Budgeting For First-Time Students

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Leaving home to study for the first time is an exciting event filled with anticipation. This transitional period in one’s life is filled with new experiences, as well as a lot more freedom and financial responsibility.

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Leaving home to study for the first time is an exciting event filled with anticipation. This transitional period in one’s life is filled with new experiences, as well as a lot more freedom and financial responsibility.

While moving into your first flat or house-share is a thrilling and fun journey, you have to factor in your finances. And while this might sound not so fun, starting your first year with a financial plan will not only help you afford those all-important extra expenses like textbooks, but also make sure you make it to the end of the month without falling short.

Whether your monthly income comes from family, student loans, a scholarship fund, a student job or a combination of these, here are a few ways to get prepared in collaboration with Hippo.co.za.

Determine your expenses

Once you are aware of how much money per month you will be receiving, determining your expenses is the first step to take in figuring out your budget. Think about every bill, essential item and activity that might incur an expense, and write it down, with how much you expect to pay for each.

Once these expenses have been added up, you can compare the total to your monthly income and see whether or not you can live within your means.

It is always best to do your research before committing to an expense.

Is living in a university residence cheaper than sharing a flat with friends? If you are about to purchase a car, how are you going to pay it off? Never look at an expense at face value, as there are often more financially sound options available.

For example, if you are going to need financial help to pay off your car, there are numerous finance options available, but you need to be aware of what will suit your pocket best. Beware of ‘Rent-to-Own’ Car Financing Deals as, in the long-term, they may not be financially viable for a student’s budget.

Below is a list of essentials that should be on your expenses list:

Track your spending

A budget can take time to adjust to, so don’t despair if you didn’t get it right within the first month and you lived beyond your means. The first month or two usually involves purchasing expensive items such as a laptop, bedding and a desk, for example. The following months will prove cheaper as you will now be set up for the year ahead and won’t be required to purchase big ticket items.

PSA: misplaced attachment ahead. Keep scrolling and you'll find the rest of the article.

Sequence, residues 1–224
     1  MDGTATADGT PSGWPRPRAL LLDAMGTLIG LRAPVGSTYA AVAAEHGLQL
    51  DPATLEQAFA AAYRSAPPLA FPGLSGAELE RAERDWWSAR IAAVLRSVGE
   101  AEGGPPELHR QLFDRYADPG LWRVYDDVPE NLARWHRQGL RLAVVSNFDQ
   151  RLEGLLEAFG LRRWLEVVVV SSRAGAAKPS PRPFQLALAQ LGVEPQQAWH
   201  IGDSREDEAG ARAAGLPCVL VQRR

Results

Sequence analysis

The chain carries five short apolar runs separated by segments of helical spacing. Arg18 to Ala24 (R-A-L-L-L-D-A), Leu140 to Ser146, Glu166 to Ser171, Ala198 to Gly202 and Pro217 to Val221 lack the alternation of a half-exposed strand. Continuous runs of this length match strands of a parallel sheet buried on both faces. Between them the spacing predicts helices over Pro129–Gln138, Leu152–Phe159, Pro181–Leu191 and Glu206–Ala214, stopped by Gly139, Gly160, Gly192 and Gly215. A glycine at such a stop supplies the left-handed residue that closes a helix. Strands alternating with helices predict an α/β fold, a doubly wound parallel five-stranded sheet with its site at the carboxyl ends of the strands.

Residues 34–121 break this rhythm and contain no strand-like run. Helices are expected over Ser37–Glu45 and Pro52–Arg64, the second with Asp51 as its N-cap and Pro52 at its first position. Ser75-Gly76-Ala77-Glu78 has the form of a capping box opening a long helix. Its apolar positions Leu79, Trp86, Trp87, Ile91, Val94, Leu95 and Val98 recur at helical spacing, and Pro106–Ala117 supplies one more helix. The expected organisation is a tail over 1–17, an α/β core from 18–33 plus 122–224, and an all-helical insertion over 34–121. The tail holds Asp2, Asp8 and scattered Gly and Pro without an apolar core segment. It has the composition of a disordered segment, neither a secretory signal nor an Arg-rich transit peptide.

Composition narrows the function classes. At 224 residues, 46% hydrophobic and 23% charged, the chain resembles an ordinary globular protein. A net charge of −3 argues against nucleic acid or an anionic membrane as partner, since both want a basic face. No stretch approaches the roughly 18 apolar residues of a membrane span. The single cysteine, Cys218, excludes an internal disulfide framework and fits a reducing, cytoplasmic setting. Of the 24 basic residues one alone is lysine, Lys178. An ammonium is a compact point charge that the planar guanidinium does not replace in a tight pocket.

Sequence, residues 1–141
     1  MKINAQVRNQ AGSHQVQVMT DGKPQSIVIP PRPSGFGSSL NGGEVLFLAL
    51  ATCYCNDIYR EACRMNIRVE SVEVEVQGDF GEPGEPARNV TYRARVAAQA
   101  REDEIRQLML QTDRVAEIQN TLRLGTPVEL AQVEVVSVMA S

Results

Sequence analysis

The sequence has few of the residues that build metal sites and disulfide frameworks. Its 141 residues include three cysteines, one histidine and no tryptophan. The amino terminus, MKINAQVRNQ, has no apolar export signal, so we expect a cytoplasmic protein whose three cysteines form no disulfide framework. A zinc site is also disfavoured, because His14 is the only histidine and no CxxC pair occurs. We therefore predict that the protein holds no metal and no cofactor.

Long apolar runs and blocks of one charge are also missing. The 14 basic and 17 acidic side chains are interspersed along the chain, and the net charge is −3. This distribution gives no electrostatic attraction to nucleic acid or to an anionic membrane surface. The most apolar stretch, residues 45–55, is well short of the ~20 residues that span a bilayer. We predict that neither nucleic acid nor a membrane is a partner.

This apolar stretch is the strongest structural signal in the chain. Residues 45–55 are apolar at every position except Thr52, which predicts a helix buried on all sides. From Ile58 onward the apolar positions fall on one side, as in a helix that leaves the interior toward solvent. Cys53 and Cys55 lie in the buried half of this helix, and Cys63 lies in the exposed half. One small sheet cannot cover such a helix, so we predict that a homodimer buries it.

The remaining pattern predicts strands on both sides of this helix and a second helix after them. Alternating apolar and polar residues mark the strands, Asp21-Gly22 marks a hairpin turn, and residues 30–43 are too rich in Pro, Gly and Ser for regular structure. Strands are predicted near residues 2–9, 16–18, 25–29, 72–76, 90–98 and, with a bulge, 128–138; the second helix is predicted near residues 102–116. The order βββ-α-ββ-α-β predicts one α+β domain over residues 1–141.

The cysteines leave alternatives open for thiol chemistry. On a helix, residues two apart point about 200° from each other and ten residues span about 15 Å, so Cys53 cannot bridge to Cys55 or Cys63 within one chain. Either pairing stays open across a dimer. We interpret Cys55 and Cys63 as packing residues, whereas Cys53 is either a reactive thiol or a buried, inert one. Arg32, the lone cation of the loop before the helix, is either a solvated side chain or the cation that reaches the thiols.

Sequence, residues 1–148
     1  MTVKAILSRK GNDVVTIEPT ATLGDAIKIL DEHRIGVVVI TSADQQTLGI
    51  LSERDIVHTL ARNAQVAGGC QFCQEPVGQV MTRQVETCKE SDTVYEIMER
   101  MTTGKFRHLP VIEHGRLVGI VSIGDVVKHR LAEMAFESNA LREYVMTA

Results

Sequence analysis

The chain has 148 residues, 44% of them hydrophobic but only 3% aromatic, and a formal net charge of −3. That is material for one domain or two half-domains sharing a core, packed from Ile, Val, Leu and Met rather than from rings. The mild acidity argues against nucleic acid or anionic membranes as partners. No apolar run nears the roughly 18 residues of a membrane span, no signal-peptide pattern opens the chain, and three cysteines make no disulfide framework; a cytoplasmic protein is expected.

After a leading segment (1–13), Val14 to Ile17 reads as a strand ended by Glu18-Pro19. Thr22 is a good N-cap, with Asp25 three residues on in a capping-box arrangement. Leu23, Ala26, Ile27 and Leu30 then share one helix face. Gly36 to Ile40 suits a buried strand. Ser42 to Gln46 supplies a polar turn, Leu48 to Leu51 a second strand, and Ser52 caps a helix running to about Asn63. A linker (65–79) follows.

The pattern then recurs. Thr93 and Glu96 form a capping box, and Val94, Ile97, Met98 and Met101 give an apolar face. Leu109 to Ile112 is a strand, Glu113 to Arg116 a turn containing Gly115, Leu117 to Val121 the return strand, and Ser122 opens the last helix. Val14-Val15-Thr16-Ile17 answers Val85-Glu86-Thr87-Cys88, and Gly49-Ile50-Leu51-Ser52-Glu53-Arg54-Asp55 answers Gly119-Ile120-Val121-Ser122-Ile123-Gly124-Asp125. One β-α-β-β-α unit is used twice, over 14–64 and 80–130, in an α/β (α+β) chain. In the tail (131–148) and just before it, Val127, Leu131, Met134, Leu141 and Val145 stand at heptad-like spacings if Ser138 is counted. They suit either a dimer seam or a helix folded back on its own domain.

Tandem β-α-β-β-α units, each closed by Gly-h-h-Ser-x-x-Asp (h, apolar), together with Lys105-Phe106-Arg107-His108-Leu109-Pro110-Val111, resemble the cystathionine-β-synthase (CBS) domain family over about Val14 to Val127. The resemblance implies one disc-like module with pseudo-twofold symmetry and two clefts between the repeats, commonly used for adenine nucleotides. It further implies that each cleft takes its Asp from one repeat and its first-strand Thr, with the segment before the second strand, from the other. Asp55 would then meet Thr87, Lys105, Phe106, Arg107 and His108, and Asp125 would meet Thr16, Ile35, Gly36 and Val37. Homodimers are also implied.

One of the most important tricks to remember to keep within your budget is to track your expenses. Keeping on top of what you spend by keeping a list of everything you spent your money on, will enable you to look back at the end of the month and see where you overspent.

To make things even easier, there are a number of apps out there like Acasa, that help you keep track, with everything in one place on your phone. If you get to the end of the month, and you’ve identified which areas you’re over spending in, you can then figure out what to cut back on and how to do so. The evidence from your tracking will help you decide whether or not you need to choose cheaper options, or actually cut back on unnecessary items.

Keep the future in mind Once you’ve got used to what you can and can’t afford and you’re sticking to your monthly budget, you can start to think about whether or not you can afford to put a few Rands away every month. According to a survey conducted by 10X Investments, only 35% of all millennial respondents had some form of saving or investment up and running. Saving for your short- or long-term future will only help you continue your already great budgeting skills, and help you reach a personal goal.

Whether your goal is to go travelling with friends or family, or to purchase your very first car, saving should be an integral part of your monthly budget. Keep it within your budget; you don’t want to stress yourself out while you already have lectures, assignments and exams to think about.

So start small, and you can build your savings up year after year. While a budget can never be hard and fast, as expenses inevitably go up and down from month to month, it certainly helps to be prepared. It may seem like extra work planning a budget in the beginning, but in the end it helps you worry less about money when you should be focusing on enjoying university or college life.

Entering tertiary education can be a nerve-racking experience, but having your budget prepared can mean one less thing to stress about.

  • Rent
  • Rates (electricity, water, sewerage)
  • Transport related costs (bus/train tickets, fuel, Car Insurance, servicing)
  • Toiletries
  • Food
  • Laptop / writing material
  • Textbooks
  • Clothing
  • Entertainment
  • Internet

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